In a typical shelter, 1-2% of cats are redeemed by their families, while roughly 20% of dogs are. Those rare communities who have systematized their approach and become more proactive have more than doubled this. Washoe County Animal Services in Nevada , for example, reclaimed 6% of cats and 54% of dogs despite taking in over two times the number of animals per capita than the national average.
Take, for example, an animal control shelter that impounds 10,000 stray dogs per year. In that community, only 2,000 dogs will be redeemed and, given rates of non-rehabilitatable illness and aggression in dogs, another roughly 700 will be truly "not savable" (sick, ill or aggressive with a poor prognosis for rehabilitation) and killed outright. That leaves 7,300 stray dogs, above and beyond the owner surrendered animals, the shelter must find a home for annually to avoid killing them.
Now, take that same community with Washoe County level success. In that community, 5,400 of the 10,000 dogs will be redeemed. That reduces to 3,900 the number of stray dogs it must find a home for. (Add other programs such as pet retention efforts and the number could drop to around 2,700). Needless to say, this is a world of difference.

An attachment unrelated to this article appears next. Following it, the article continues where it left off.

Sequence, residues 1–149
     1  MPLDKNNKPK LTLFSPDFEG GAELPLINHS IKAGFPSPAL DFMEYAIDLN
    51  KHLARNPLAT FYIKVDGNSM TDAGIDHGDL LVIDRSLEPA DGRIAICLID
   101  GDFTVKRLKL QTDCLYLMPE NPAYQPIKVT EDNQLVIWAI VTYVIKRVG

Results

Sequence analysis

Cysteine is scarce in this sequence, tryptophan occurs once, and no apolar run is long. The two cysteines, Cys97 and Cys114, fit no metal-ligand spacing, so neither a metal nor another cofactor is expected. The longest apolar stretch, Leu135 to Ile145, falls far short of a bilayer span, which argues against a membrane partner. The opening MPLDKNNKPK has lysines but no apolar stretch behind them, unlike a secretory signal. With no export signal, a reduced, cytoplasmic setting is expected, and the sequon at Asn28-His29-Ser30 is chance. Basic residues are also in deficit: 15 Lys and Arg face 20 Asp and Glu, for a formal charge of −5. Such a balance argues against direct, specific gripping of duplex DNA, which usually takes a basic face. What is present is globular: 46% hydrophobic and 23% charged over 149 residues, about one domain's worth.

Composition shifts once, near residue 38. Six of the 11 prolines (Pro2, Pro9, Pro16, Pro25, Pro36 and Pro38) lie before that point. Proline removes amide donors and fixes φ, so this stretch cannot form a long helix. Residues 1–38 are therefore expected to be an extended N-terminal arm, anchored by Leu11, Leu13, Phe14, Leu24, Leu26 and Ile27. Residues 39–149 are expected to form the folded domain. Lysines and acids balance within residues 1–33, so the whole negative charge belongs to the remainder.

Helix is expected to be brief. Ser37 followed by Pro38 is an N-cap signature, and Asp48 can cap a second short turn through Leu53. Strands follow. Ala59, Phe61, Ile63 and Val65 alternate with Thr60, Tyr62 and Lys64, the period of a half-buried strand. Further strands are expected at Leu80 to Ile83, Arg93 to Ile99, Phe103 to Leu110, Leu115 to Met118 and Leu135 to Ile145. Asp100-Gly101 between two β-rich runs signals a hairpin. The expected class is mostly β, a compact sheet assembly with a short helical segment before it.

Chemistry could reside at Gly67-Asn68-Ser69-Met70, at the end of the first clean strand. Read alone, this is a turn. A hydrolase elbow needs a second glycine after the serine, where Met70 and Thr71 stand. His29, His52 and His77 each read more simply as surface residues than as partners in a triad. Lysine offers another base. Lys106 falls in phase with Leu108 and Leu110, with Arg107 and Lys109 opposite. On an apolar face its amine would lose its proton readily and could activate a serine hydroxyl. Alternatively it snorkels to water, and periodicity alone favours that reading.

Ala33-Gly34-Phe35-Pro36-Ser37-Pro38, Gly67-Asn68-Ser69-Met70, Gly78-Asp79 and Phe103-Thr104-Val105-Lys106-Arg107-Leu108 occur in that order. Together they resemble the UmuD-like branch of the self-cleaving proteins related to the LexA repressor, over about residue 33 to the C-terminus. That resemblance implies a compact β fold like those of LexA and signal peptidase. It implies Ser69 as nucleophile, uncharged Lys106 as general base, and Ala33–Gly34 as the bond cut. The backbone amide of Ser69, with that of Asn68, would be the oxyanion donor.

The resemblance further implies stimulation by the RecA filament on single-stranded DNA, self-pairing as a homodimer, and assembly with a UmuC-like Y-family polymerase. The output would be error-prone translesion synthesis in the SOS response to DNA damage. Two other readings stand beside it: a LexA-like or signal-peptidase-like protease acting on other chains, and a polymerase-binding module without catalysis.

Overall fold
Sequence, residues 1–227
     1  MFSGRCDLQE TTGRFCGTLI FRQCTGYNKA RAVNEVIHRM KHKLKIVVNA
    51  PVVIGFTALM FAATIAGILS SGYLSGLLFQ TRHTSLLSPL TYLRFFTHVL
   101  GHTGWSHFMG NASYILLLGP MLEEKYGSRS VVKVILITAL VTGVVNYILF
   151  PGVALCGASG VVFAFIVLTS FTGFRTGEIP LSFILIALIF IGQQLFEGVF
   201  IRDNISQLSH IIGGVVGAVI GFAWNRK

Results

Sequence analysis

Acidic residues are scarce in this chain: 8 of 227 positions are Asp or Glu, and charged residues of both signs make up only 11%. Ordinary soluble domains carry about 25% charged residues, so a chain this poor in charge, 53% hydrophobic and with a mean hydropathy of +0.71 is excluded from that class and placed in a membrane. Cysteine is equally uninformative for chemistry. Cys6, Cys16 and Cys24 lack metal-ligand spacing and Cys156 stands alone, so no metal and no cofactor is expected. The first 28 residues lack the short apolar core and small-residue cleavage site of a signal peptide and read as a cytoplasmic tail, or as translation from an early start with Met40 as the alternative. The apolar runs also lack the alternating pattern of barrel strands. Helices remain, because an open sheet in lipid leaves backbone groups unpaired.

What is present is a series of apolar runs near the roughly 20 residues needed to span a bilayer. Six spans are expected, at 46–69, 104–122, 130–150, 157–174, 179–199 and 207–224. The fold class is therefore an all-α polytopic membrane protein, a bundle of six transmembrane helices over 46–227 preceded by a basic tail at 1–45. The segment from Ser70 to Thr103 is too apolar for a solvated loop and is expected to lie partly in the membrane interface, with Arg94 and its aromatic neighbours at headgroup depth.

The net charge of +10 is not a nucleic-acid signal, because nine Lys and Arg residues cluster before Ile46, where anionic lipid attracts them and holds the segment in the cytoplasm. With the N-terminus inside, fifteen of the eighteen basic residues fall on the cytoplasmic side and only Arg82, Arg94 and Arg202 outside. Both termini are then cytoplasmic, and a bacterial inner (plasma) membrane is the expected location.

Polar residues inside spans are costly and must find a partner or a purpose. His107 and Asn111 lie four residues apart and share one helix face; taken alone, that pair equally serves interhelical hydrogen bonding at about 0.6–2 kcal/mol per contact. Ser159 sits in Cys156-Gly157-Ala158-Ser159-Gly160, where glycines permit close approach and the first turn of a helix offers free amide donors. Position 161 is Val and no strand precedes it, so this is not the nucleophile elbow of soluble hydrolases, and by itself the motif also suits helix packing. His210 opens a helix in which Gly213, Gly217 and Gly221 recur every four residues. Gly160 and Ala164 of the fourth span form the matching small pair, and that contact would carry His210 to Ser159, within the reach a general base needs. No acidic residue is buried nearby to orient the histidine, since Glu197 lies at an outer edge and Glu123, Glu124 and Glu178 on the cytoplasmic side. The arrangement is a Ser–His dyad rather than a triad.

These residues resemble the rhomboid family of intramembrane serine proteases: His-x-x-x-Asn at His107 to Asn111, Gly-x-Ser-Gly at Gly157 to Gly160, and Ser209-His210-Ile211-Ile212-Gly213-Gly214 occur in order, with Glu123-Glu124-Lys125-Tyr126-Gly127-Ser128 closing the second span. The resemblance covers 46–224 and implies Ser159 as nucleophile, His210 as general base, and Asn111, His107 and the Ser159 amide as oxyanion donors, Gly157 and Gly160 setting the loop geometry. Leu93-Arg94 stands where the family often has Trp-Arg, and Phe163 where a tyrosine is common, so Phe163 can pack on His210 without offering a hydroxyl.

The difference between the average community and Washoe County is striking, but even more so because this latter community was only scratching the surface of what could be accomplished. Some communities have achieved a nearly 65% reclaim rate for stray dogs and even higher outside of the United States, and the reclaim rate for cats can—and should—match these, rather than remain at deplorably low current averages.
A Failed Paradigm